Kurt Vonnegut went to Biafra shortly before its fall in 1970 (Biafra previously). This is what he had to say about it.
How Things Fell Apart, By Chinua Achebe - 'In an excerpt from his long-awaited memoir, the inventor of the post-colonial African novel in English discusses his origins as a writer and the seeds of revolt against the British Empire.'
I can say that my whole artistic career was probably sparked by this tension between the Christian religion of my parents, which we followed in our home, and the retreating, older religion of my ancestors, which fortunately for me was still active outside my home. I still had access to a number of relatives who had not converted to Christianity and were called heathens by the new converts. When my parents were not watching I would often sneak off in the evenings to visit some of these relatives.[more inside]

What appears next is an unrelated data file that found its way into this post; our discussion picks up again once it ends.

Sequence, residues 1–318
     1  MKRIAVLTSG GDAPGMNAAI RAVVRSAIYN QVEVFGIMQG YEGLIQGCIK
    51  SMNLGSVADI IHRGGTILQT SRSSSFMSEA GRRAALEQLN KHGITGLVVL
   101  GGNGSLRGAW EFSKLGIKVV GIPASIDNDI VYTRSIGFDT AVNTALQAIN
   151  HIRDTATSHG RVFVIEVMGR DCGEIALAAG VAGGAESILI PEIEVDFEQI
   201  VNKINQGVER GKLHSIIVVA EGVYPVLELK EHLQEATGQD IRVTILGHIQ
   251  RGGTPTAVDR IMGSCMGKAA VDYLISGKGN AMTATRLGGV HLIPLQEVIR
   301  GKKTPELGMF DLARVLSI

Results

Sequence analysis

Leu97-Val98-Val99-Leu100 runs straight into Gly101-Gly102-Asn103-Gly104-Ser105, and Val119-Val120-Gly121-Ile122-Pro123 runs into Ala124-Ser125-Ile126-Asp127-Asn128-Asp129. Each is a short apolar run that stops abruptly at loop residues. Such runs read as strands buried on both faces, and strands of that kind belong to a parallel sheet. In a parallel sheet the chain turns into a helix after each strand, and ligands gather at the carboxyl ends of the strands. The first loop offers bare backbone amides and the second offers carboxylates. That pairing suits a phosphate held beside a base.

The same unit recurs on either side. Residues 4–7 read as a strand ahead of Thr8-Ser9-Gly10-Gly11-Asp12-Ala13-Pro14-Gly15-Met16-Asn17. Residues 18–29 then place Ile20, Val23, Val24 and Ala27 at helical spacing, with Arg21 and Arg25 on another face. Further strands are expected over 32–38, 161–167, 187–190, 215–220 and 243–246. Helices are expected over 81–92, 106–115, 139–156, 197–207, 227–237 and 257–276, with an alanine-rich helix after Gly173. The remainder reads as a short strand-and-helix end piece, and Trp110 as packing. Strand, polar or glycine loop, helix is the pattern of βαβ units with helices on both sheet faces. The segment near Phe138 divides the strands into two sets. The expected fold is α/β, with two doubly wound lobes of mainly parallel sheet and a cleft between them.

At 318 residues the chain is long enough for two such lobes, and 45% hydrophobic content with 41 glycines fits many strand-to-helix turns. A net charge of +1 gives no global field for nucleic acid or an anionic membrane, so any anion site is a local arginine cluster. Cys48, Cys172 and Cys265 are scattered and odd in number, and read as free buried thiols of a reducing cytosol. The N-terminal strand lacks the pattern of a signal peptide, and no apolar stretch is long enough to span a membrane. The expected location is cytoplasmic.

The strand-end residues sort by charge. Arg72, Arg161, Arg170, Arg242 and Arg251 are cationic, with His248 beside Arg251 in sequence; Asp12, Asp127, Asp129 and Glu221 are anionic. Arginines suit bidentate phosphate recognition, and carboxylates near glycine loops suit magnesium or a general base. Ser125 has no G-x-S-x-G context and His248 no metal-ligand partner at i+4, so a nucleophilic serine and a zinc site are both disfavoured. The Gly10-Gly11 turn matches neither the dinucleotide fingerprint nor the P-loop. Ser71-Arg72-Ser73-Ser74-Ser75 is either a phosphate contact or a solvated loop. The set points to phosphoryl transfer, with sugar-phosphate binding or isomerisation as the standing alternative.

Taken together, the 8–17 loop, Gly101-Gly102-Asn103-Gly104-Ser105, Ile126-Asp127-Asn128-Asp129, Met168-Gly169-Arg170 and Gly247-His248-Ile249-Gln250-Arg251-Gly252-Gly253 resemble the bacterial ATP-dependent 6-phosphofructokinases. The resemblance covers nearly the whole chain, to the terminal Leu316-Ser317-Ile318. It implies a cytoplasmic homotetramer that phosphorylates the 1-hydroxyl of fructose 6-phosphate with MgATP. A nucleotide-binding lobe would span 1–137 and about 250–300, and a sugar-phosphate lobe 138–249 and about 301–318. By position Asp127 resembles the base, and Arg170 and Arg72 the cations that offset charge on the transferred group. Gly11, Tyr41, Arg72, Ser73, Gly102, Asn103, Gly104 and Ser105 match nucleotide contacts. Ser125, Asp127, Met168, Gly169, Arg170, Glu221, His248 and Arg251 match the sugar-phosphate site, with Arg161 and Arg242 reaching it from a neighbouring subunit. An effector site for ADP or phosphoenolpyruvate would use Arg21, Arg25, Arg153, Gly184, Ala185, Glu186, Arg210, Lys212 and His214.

Humanitarian Intervention 101 by Adam Curtis at the BBC. The idea of "humanitarian intervention" which is behind the decision to attack in Libya is one of the central beliefs of our age. It divides people. Some see it as a noble, disinterested use of Western power. Others see it as a smokescreen for a latter-day liberal imperialism.
On May 22, 1969, the Babies of Biafra launched their first attack against Nigeria. The Babies were a fleet of 5 civilian single-engine SAAB aircraft outfitted with unguided rocket launchers. They were going up against an air force composed of MIGs and Ilyushin bombers, flown by English, South African and Egyptian mercenaries. Their leader was Carl Gustaf von Rosen, a Swede who was Herman Goering’s nephew-in-law. (More inside)